Afghan man found dead after 12 hours shut inside shipping container

Shipping containers
Shipping containers

An Afghan asylum seeker was found dead at Tilbury Docks in Essex after being sealed inside a shipping container for more than 12 hours as he and 34 other illegal immigrants were smuggled into the UK, a court has heard.

The Afghan Sikhs, including 15 children, were rescued on August 16 2014 after port workers heard banging noises and cries for help.

The group, which included families, was found in a cramped space on top of plastic barrels full of liquid, with condensation pouring from the ceiling.

Among them was Meet Singh Kapoor, a 40-year-old who died during the overnight crossing from Zeebrugge in Belgium.

Basildon Crown Court was told the refugees, believed to have fled Kabul in Afghanistan after allegedly suffering persecution and living illegally in Belgium and France, were the “human cargo” of a “sophisticated international organisation” of people smugglers.

Northern Irish lorry drivers Stephen McLaughlin, 36, and Martin McGlinchey, 49, are accused of being in the gang’s “inner circle” and face charges of helping to smuggle illegal immigrants into the UK.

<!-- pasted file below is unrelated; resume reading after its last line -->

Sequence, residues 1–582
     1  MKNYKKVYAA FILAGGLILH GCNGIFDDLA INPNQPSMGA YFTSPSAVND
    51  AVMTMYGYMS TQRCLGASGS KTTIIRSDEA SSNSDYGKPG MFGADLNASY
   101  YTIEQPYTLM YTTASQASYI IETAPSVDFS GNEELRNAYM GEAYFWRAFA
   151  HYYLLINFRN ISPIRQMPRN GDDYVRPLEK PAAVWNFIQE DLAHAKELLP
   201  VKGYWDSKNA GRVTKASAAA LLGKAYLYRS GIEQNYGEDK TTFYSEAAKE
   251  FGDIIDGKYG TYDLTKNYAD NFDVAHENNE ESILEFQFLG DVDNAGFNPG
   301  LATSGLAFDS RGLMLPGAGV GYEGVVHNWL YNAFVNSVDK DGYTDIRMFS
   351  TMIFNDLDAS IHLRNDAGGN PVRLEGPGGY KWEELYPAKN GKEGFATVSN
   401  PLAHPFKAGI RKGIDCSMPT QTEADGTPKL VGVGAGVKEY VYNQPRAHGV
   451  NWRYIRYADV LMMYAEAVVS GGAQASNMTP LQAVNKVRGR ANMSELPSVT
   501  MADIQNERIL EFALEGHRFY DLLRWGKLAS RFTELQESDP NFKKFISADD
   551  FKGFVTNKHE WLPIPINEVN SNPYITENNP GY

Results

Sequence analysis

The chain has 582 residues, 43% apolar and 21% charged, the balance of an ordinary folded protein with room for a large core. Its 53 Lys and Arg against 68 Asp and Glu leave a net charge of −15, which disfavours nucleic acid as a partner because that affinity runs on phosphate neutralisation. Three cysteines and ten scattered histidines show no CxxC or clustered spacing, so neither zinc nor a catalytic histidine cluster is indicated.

Jurors were told the two men were part of a team responsible for arranging the transport logistics of the operation, allegedly organising for the container to be sent from Dover to France so it could be picked up by an innocent man before being loaded with illegal immigrants on a Belgian industrial estate.

Prosecuting, Michael Goodwin told the court the plan was foiled when port workers in Tilbury heard the screams of those in the container.

After the operation was sprung, he said, McLaughlin, from Limavady, Londonderry, and McGlinchey, of Coalisland, Co Tyrone, frantically tried to cover their tracks, destroying mobile phones and sim cards that might implicate them.

McGlinchey sold a car he thought could link him to two co-conspirators, Taha Sharif, and a man known only as “Kurd Eng”, while McLaughlin booked a short family holiday.

Mr Goodwin said the pair were motivated by financial gain, and that the “very considerable risks” involved meant they would have made a lot of money if the plan had been successful.

He said: “The prosecution case is that both McLaughlin and McGlinchey were close and trusted associates and were working with Kurd Eng and Taha Sharif and together formed inner circle of conspirators responsible for the transport and haulage aspect of this conspiracy.”

The two men are facing a retrial, and deny conspiring to facilitate illegal entry into the UK between June 1 and September 5 2014.

At the previous trial last year Sharif, a Kurd, was found guilty of the same charge while Timothy Murphy, who drove the container through Belgium and France, was found to be an “innocent dupe” and was acquitted. Kurd Eng remains at large.